Weiser Diplomacy Center continues its practical approach to international affairs

September 27, 2023

Four current and former army officers stood before a set of maps on a screen in the Betty Ford auditorium, giving background on the on-going diplomatic standoff in Cyprus. The audience consisted of 24 undergraduate and graduate students from the Ford School and other U-M units, who were taking part in a two-day International Strategic Crisis Negotiation Exercise, presented by the U.S. Army War College (USAWC). It’s the fourth time USAWC has worked with the Ford School, one of 15 universities they currently engage.

Lt. Colonel Nathaniel Davis, a U-M graduate (!), told the group, “We are a war college, but peace is our goal.” The students adopted roles in the simulation as members  of delegations representing the governments of the U.S., U.K., Cyprus, Greece, Turkey, and the internationally-unrecognized Republic of Northern Cyprus. 

At the start, Weiser Diplomacy Center (WDC) director Professor and retired ambassador Susan D. Page told them, “You may not get the result you expect. It may be better or worse than you had hoped. But the goal is to understand the process, so keep an open mind.”

That practical approach to learning about diplomacy extends to the WDC’s activities throughout the year.

It starts with the faculty. Page is a former U.S. diplomat, attorney-adviser, and senior U.N. official with decades of experience in numerous African countries, Nepal, and Haiti. Other WDC-affiliated professors include former ambassador Mel Levitsky, whose career included senior State Department roles as well as ambassadorships in Bulgaria and Brazil, former FBI and NSC counterterrorism official Javed Ali, and former Minister of Foreign Affairs for the Republic of Mali, Ambassador Kamissa Camara. Kseniya Yurtayeva, an associate professor at Kharkiv National University of Internal Affairs in Ukraine, remains as a visiting scholar.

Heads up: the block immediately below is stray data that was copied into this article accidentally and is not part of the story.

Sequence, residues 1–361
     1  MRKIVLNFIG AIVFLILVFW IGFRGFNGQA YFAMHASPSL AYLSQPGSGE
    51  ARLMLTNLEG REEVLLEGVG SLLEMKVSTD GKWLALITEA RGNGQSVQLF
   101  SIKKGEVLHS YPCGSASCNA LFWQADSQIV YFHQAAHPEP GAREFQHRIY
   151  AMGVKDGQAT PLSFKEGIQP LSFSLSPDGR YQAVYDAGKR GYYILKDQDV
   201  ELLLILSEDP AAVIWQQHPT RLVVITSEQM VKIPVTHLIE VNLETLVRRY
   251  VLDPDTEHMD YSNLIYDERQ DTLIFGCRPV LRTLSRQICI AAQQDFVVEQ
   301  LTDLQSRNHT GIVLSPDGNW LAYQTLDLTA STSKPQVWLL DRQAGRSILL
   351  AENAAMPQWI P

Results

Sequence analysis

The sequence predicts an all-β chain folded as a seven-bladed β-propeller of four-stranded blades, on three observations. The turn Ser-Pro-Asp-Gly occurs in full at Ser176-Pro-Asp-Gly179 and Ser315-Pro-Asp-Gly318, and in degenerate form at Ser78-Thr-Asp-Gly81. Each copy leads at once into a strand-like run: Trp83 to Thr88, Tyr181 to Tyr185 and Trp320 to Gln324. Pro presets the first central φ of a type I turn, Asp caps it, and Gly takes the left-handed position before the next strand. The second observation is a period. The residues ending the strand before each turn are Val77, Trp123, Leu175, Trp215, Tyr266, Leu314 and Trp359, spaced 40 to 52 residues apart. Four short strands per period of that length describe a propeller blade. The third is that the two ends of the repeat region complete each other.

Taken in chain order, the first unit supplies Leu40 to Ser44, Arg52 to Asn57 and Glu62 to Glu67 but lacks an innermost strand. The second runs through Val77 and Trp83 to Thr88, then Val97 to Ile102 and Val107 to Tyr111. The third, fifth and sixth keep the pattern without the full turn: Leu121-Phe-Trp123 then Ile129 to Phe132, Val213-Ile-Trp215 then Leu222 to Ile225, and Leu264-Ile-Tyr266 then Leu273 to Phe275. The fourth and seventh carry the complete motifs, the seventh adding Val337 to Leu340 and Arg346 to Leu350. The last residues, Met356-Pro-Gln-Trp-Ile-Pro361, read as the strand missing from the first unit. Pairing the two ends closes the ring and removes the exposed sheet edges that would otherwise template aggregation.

“As policy practitioners, we can share our real life experiences,” Page says.

She continues, “I have lived more than most of my professional life overseas in what some people call ‘the Global South.’ And so I have expertise in different areas and connections and contacts in those places. I've also seen things from those people's perspectives because I've lived with them. And I have seen the challenges and the faults that we sometimes make as U.S. policymakers because we don't bother to understand the local context and the history.”

Camara, the most recent addition, is teaching a class on great power competition, looking not only at the rise of typical powers such as  the U.S., China, and Russia, but also Turkey, Greece, and Germany.  

Also providing practical policy experience are visiting experts like Ambassador Dan Shields, whose long career was spent mostly in Asian countries, including as ambassador to Brunei. He is teaching a class on Asia and the Pacific, which also included simulations.

The Ford School hosts the State Department's regional home for a diplomat-in-residence, which this year is again Lou Fintor. He informs students of career possibilities in the foreign and civil service, as well as the Pickering, Rangel, and Payne Fellowships, which give substantial tuition support and an on-ramp for students to join the foreign service of the U.S. Department of State or the U.S. Agency for International Development (USAID) upon completion of the rigorous fellowship program.

The Weiser Diplomacy Fellowships and Rumsfeld Foundation Graduate Fellowships also offer financial assistance to students interested in international diplomacy and development.

Page says the academic goal of WDC is to offer faculty support “to try to help them to globalize, not so much their syllabi, but their outlook.”

One practical opportunity for the students is participation in the State Department’s Diplomacy Lab, in which they wrestle with a real-world issue and try to offer novel solutions. Those suggestions are often applied. 

As the year goes on, students will be able to participate in the EU Schumann Challenge, events sponsored by the American Academy of Diplomacy, and many other immersive activities.

Page notes that the ongoing war in Ukraine will continue to demand attention. And she wants to apply her experience in the Global South to looking at extractive industries and expanding STEM education in Low and Middle Income Countries. Addressing the inequity in locally-sourced medicines and manufacturing are vital.

“If countries cannot manage, don't have the tools to develop that aspect of their own, you know, countries and economies, they will always be dependent on somewhere else.”

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